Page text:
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Computer Problems Plague the IRS on Tax Day … and Bigger Troubles May Lie Ahead

Yuval Rosenberg

A security camera hangs near a corner of the U.S. Internal Revenue Service (IRS) building in Washington May 27, 2015. Tax return information for about 100,000 U.S. taxpayers was illegally accessed by cyber criminals over the past four months, U.S. IRS Commissioner John Koskinen said on Tuesday, the latest in a series of data thefts that have alarmed American consumers. REUTERS/Jonathan Ernst

It wasn’t a very happy Tax Day for the IRS, which announced it was “experiencing technical difficulties” with some computer systems and temporarily couldn’t accept returns from tax preparers, including big filers like TurboTax and H&R Block. Taxpayers won’t be penalized if their filing was affected by the glitch.

Former IRS Commissioner John Koskinen told The Wall Street Journal’s Richard Rubin that it was only a matter of time before such a failure occurred as the agency struggles with a reduced budget, smaller staff and antiquated technology. “The question was becoming not whether the system would just shut down one day, but when,” he said. “Each year, there have been more glitches that get handled so nobody sees them, but the system gets more rickety every year.”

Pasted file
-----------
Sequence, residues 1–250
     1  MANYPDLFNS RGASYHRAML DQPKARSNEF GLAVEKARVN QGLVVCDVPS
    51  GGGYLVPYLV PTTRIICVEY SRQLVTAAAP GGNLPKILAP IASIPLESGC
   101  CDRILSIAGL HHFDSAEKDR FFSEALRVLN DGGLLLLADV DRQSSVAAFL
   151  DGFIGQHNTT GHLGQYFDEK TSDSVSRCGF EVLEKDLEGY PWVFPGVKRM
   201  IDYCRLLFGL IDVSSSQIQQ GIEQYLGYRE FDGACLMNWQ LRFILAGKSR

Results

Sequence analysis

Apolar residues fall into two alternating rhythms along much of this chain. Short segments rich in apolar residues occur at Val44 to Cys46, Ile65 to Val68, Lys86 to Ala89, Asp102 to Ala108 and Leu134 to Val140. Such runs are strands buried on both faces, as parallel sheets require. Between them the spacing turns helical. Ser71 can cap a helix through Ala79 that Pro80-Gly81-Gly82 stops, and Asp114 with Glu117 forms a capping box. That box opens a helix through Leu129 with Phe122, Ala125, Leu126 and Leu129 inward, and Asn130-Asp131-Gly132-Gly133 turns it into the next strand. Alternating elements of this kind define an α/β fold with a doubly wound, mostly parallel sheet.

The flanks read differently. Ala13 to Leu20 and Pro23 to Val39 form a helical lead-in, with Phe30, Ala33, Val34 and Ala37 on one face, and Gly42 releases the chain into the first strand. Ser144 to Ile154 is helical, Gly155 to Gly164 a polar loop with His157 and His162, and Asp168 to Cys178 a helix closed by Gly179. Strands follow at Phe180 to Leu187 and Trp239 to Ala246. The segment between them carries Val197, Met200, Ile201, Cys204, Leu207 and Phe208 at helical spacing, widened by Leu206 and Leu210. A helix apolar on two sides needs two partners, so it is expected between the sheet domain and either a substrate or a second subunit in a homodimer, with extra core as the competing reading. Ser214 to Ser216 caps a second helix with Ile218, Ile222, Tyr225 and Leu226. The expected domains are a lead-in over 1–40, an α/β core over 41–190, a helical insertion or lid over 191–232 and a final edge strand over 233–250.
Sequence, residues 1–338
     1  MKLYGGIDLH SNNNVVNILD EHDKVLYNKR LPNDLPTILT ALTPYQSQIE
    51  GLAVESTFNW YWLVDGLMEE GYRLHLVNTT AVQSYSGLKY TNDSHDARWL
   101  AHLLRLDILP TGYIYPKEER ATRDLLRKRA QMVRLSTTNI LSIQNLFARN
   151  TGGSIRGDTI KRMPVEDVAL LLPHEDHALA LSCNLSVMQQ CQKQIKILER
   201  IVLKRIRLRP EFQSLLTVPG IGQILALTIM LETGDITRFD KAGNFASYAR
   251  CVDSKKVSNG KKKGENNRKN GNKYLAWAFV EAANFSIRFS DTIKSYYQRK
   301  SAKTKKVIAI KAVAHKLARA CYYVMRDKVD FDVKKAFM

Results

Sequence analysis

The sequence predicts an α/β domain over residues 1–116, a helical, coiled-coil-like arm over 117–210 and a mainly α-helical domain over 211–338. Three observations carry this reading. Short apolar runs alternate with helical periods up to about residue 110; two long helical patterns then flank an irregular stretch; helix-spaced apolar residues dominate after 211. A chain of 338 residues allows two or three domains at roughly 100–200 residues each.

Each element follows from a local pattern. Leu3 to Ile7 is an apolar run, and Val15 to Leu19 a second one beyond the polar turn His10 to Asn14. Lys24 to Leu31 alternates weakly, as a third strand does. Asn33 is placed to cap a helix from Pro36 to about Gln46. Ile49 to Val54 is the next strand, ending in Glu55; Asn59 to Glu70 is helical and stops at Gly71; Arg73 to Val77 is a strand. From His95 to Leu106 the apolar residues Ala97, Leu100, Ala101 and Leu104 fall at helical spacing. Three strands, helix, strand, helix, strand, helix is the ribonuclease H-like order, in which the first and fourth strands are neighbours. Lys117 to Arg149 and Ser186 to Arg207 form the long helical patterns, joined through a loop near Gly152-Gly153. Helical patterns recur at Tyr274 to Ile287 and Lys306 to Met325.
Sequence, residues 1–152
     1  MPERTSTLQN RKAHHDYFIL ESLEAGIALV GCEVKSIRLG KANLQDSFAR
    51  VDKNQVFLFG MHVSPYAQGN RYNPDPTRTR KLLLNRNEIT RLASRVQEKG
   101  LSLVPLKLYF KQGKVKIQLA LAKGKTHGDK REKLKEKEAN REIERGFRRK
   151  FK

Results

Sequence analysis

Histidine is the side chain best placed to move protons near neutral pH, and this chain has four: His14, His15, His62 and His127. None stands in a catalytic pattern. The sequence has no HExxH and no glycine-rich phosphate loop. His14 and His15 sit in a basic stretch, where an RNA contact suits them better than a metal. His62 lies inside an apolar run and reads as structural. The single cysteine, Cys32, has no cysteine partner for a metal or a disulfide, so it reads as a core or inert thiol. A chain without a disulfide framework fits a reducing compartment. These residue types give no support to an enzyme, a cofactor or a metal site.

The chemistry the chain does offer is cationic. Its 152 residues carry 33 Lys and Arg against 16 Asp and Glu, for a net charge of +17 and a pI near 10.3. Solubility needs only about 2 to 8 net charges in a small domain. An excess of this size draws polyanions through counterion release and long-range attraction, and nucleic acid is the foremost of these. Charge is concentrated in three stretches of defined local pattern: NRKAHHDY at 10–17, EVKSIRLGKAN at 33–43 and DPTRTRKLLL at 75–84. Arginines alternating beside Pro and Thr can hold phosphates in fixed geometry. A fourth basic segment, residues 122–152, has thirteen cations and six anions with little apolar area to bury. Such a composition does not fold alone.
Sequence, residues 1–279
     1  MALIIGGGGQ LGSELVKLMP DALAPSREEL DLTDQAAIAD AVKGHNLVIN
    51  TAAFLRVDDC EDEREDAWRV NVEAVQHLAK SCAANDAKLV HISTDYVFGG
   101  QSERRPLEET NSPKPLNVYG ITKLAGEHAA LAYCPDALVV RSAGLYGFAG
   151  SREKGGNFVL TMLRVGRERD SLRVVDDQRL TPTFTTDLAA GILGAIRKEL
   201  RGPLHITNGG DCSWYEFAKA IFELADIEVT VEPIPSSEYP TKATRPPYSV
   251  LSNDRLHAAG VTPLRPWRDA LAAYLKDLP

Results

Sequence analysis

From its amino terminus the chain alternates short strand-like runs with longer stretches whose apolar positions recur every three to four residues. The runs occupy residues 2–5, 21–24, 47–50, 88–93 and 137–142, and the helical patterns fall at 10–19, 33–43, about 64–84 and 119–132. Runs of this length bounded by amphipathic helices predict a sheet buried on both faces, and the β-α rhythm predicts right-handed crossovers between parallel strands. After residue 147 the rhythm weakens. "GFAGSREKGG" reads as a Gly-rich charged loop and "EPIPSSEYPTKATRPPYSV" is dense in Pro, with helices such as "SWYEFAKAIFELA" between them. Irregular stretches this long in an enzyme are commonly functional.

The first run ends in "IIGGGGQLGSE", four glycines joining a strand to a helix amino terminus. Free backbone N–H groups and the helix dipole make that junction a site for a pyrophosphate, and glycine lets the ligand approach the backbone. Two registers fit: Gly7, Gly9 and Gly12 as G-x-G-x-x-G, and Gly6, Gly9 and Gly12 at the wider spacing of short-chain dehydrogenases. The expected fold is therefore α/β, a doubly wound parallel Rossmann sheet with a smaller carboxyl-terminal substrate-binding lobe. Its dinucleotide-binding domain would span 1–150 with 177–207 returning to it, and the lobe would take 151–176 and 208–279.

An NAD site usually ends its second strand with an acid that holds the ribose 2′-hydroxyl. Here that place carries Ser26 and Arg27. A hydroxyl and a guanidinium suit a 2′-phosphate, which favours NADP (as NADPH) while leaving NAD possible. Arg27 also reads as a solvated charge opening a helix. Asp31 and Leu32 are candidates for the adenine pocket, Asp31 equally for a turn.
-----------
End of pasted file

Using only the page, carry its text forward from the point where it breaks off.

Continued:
But, as Bloomberg reports, the IRS has far bigger issues than just tech troubles and tax refunds.

“Pegged to Tuesday’s tax-filing deadline, Republican leaders scheduled a floor vote later this week on a bipartisan package to retool the agency,” Ben Steverman writes. “If the measure gains momentum, the IRS could face restructuring as it struggles to implement a once-in-a-generation overhaul of the U.S. tax code.”

That only makes it more likely that the confusion surrounding implementation and interpretation of the new GOP tax law will linger for months, or longer.

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